Marques seeks to correct these perceived shortcomings by illustrating the effectiveness of U.S. slave trade legislation and analyzing the landscape of international law that U.S. slave traders had to navigate. The author’s argument unfolds over six chronologically organized chapters. It begins with the creation of a truly American branch of the transatlantic slave trade, which emerged between independence and 1807; moves to a transitional period (1808-1820), in which the traffic was abolished to the U.S. but American merchants figured out ways to continue to ply their trade; shifts to an approximately forty-year era in which U.S. merchants conducted brisk (largely contraband) business in Brazil and Cuba, and concludes with the era of the Civil War, which turned out to be the event that finally ended American involvement in the slave trade.
At the heart of Marques’s analysis is an attempt to understand the seeming dissonance between the fact that ships flying the American flag imported around one million Africans to other countries (many illegally) but only 100,000 or so slaves to the U.S. (most prior to 1808). In other words, how did a nation that was, legally at least, cut off from the African slave trade after 1808, and had only a moderate tradition of transatlantic slave trading as an independent nation, come to play such a substantial role in the traffic? The answer lies in demand, greed, small communities of mutual interest, transatlantic geopolitics, and a mosaic of international law that excluded subjects and citizens of some empires and nation states from the trade, but often provided Americans with loopholes to participate in this traffic. Complicating matters further, the first half of the nineteenth century was a time in which the U.S. was becoming one of the hemisphere’s most prominent slave societies as well as the major incubator of both pro- and antislavery thought in the Americas. Accordingly, the topic of legal and illegal slave trade became the source of much debate among activists, politicians, and the public as the republic careened toward Civil War.
This is a book about slave traders (captains, ship owners, and investors, largely), their ceaseless quest for profit as they sought to satisfy a demand for labor, a quest that had little regard for laws, national loyalties, or timing, and the forces that influenced the buying and selling of people. The story of these men and the political, legal, and economic forces that shaped their lives and actions is situated in multiple corners of the Atlantic world, from Rhode Island to the American South, from the coast of Africa to Brazil and Cuba. The latter two places receive the majority of space due to their continuing demand for Africans well into the nineteenth century. Marques also places his findings within various national and colonial histories, which are then situated in dialogue with each other. For example, legal developments within the early American republic are presented alongside the political culture of the contemporary British empire and the economic landscape of post-independence Brazil. In this sense, the book is a good example of the recent historiographic turn that might be called “U.S. and the World.” What emerges within Marques’s Atlantic and international framework is a lively analysis of the role that American citizens, their ships, and their flag played in transporting Africans across the Atlantic world, long after the slave trade to the United States had been abolished.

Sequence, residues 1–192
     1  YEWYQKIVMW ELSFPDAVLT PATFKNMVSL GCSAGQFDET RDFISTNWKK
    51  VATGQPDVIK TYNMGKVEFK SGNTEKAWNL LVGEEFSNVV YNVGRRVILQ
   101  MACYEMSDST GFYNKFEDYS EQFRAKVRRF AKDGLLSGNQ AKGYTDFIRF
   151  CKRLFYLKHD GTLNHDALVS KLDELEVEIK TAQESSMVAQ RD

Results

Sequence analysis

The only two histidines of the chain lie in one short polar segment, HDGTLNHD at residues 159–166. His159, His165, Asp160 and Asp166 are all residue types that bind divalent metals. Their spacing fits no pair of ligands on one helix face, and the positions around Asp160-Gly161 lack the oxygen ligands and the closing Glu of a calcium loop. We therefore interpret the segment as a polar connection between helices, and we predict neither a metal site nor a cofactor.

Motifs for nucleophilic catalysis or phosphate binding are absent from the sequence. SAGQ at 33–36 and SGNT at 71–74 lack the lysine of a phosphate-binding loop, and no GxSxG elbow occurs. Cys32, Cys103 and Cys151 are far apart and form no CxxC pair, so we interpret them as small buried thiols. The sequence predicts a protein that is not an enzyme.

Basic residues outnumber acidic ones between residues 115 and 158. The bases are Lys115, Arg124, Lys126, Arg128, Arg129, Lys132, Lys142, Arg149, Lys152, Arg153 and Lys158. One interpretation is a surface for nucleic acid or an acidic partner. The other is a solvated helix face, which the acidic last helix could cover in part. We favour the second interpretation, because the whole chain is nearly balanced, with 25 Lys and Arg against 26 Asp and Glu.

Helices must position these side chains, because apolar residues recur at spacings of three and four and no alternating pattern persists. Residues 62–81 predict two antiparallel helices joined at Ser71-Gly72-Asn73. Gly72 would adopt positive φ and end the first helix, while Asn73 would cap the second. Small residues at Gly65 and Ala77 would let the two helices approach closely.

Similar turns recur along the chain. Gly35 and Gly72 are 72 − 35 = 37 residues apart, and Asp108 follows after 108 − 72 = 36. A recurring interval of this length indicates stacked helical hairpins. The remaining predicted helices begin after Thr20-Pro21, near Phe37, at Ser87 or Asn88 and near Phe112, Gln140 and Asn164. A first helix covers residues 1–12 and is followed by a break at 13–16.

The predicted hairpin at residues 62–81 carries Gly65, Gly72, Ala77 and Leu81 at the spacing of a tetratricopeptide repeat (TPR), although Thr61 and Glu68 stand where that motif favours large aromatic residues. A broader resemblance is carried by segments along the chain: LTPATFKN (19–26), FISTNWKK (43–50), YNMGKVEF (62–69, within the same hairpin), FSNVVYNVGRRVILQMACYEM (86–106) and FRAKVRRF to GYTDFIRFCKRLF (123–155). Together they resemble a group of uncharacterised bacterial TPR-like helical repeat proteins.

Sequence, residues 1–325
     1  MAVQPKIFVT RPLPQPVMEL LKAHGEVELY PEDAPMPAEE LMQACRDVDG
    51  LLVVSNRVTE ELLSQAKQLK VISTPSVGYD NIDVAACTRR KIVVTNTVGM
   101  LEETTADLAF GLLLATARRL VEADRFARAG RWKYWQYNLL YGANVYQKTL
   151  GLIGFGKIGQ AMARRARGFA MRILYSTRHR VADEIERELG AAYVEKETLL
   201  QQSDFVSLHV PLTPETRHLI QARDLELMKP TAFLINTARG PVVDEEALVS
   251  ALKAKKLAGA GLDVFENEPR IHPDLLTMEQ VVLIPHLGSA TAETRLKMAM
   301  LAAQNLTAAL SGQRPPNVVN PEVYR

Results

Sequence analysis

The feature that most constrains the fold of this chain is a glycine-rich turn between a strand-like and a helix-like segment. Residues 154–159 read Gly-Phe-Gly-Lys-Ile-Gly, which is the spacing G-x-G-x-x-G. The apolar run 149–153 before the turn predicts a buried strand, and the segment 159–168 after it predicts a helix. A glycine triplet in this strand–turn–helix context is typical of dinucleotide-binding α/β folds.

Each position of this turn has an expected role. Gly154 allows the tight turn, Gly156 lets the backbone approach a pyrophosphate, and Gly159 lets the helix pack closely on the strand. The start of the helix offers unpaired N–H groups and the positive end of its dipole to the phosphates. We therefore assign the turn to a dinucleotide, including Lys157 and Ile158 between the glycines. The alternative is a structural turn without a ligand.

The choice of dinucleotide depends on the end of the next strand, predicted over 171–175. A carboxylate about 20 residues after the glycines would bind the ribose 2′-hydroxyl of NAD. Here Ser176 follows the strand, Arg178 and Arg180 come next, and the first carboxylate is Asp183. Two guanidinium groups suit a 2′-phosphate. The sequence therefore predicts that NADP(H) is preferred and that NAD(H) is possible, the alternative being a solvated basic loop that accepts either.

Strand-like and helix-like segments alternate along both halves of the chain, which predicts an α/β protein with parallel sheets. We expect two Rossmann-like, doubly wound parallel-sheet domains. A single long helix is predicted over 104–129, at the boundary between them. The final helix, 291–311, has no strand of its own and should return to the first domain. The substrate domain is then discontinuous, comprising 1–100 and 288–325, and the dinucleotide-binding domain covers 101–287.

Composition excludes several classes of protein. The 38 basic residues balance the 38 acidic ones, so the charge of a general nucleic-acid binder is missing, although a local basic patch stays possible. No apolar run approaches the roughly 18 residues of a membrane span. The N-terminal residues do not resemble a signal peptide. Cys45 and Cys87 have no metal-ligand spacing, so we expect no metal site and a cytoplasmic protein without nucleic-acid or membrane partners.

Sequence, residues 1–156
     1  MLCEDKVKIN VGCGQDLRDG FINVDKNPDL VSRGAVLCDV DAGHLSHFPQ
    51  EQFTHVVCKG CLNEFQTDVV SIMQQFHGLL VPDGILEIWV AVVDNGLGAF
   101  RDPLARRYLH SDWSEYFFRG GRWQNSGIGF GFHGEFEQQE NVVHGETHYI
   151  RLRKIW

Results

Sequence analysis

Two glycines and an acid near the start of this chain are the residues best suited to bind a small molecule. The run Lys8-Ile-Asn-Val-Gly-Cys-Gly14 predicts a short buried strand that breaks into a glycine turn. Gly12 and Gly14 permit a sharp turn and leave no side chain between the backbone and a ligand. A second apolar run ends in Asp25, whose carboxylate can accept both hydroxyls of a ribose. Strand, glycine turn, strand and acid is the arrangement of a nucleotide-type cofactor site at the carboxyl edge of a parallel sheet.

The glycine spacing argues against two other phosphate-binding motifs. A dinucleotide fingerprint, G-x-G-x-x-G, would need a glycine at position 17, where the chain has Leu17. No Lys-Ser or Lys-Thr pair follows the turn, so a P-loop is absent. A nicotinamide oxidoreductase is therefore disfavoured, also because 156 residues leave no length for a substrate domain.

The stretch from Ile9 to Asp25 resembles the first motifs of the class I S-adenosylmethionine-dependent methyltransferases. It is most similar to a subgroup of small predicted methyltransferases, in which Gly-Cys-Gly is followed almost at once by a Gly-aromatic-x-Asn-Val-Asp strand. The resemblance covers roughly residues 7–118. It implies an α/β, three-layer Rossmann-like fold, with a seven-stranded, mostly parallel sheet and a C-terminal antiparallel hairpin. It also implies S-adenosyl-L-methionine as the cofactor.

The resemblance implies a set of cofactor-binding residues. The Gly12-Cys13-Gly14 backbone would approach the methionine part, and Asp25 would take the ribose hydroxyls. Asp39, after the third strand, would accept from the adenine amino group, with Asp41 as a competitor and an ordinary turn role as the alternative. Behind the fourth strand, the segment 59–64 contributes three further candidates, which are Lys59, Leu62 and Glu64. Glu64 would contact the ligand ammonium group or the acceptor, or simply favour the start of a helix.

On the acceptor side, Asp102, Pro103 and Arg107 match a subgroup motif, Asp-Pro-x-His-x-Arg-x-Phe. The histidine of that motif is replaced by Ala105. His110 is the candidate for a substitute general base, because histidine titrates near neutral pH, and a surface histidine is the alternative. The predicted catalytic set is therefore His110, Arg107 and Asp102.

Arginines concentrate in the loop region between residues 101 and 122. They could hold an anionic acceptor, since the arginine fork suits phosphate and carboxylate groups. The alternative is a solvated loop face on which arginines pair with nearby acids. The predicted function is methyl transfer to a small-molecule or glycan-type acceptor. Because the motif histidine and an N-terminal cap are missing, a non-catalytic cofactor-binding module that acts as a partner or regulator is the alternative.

The United States and the Transatlantic Slave Trade to the Americas has a number of strengths. The book’s evidentiary base is impressive. Marques’s dual Atlantic and international framework is thoughtful and effective. Most importantly, the author is largely successful in meeting his goal of detailing and analyzing American involvement in the transatlantic slave trade between independence and the Civil War. There are, however, some shortcomings to the book. For one, the book sometimes reads like a dissertation, which is exactly what it was just three years before publication. Second, very few Africans appear in the book. This is, of course, a political and legal history that states clearly that its primary focus is slave traders. At the same time, however, this is a political and legal history that seeks to explain how a million or more men, women, and children were violently uprooted from their homelands, forced to endure the Middle Passage, and then sold into slavery. The voices and experiences of these people demand a place in a study of the transatlantic slave trade. Regardless of this shortcoming, The United States and the Transatlantic Slave Trade to the Americas is a valuable book that adds to Atlantic and international history, as well as our understanding of slavery and the slave trade.
This article originally appeared in issue 17.3.5 (Summer, 2017).
Nathaniel Millett is an associate professor of history at Saint Louis University. He is the author of The Maroons of Prospect Bluff and their Quest for Freedom in the Atlantic World, which won four prizes. Thanks to a Fulbright Fellowship in London and a Weatherhead Fellowship at the School for Advanced Research in Santa Fe, he has made major progress on a book that considers the role that indigenous people played in the Anglo-Caribbean between the sixteenth century and the middle of the nineteenth century.